Spoelstra assured Dragic this week that a recent report suggesting Miami was actively discussing a deal to send him to Sacramento for Rudy Gay and Darren Collison was inaccurate.‎ Yet one suspects this one is bound to keep coming up, partly because whispers persist that Gay would love to land in Miami ... but also because it's no secret Sacramento is on the hunt for a first-rate quarterback.
Dragic said he appreciated the fact Spoelstra came to him before Thursday’s game in Charlotte to tell him there was nothing to the trade rumors involving him and Sacramento’s Rudy Gay. “I’m glad he did,” Dragic said. “I told him I appreciate it. My brother, my family and friends were calling. It’s something less to worry about before the season starts.”
Sources say that the Heat naturally would have been prepared to surrender Dragic during the summer as part of a grander package to try to pry Russell Westbrook away from Oklahoma City, back when teams -- with fingers glued together -- were hopeful that the Thunder might be willing to trade Westbrook right after Kevin Durant defected to Golden State.
Asked what he would think the next time that he is mentioned in a rumor if Spoelstra would not offer the same type of denial, Dragic smiled, instead grateful for Thursday's gesture. "That was really nice from Spo," Dragic said. "That's not his job to come to the players to say it, so I understand." Dragic said he appreciated that there will be times when management and the coaching staff might not be able to be as forthcoming. "This is business," he said, "so I have no problem with that."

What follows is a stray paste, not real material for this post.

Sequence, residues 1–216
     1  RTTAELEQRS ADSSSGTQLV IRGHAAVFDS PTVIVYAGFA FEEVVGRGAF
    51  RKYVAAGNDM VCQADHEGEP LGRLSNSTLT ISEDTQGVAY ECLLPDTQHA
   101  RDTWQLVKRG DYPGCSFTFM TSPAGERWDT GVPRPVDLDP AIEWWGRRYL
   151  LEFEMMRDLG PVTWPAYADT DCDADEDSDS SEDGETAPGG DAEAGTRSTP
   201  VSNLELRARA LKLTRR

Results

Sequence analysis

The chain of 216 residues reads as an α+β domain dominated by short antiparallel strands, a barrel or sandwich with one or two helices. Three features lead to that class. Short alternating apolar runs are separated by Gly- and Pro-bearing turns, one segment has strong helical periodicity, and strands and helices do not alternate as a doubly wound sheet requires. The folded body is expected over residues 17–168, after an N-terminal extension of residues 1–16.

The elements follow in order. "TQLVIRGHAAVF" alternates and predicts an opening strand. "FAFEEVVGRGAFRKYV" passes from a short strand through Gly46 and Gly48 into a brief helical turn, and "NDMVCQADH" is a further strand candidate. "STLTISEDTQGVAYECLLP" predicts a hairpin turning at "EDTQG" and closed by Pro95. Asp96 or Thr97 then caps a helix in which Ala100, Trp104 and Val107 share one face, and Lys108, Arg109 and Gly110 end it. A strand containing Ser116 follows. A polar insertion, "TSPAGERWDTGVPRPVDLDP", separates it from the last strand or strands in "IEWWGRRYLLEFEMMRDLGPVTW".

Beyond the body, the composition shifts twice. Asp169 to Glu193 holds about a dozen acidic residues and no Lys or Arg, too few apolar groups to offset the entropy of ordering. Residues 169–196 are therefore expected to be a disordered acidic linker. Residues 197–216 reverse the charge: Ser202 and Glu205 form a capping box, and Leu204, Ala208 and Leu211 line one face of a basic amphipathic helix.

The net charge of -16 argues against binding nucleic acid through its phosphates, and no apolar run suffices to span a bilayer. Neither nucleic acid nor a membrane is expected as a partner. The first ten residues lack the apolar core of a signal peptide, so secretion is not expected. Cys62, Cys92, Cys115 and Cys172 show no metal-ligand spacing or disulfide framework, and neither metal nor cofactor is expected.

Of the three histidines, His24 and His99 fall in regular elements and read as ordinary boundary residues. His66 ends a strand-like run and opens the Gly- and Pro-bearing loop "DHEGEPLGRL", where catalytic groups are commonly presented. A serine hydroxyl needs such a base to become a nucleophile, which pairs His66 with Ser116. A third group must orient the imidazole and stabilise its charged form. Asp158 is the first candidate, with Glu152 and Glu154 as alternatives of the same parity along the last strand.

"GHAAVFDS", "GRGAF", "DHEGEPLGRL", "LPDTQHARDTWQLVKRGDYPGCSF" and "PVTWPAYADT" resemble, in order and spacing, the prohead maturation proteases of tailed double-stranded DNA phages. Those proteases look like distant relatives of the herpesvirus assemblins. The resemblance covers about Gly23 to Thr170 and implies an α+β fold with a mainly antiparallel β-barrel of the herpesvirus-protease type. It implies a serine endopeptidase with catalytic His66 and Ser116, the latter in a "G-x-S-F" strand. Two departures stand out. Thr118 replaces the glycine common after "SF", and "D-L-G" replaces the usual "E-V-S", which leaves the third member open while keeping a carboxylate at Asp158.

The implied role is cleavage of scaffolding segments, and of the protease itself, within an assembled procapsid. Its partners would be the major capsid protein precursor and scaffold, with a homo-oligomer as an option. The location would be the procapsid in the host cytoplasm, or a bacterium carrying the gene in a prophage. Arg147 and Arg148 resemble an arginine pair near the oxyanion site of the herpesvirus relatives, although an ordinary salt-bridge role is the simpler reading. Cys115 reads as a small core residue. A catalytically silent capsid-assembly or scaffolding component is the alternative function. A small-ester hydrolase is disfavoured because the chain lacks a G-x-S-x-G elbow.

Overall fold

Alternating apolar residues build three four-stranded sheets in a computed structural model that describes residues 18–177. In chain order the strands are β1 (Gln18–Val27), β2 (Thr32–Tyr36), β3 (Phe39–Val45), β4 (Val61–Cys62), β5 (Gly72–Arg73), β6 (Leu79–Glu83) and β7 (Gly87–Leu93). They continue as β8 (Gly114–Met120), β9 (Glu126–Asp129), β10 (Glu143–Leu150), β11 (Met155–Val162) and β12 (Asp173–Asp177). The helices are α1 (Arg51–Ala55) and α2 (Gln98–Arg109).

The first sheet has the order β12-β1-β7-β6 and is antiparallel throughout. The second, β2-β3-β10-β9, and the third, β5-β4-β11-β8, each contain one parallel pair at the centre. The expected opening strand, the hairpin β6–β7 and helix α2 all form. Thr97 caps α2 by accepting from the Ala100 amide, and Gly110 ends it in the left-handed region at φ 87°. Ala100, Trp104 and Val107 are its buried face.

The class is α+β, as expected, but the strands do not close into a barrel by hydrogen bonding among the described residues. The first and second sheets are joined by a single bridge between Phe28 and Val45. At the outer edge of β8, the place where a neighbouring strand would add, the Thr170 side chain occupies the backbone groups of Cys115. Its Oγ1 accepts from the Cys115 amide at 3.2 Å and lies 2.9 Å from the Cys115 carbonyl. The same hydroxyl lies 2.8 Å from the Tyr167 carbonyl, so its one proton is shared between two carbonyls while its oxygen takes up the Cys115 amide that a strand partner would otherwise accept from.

Barry Jackson: Heat not pursuing trade with Gay/Dragic at this time, but might pursue Gay in 2017 free agency as secondary option. - RT: Alex Kennedy: While trying to defuse trade rumors, Rudy Gay said, "I have no choice but to work for the Sacramento Kings." Quotes like that don't defuse!
Manny Navarro: Goran Dragic says he understands why #Heat may look to trade if team struggles. "It's part of the business. It's on us to be the best we can."
“Sacramento has to trade Gay,” an Eastern Conference executive told Basketball Insiders. “He’s already informed them he doesn’t like it there. They can’t let him walk for nothing.” Gay can become an unrestricted free agent after this season since he has a $14,263,566 player option for next season. With that in mind, sources indicated that the Kings are ideally looking for a starting-caliber point guard in any trade proposal involving Gay.
At this time, Sacramento and Miami are kicking the tires on the potential trade. The trade, as it has been discussed, has various benefits for both teams should it ultimately happen.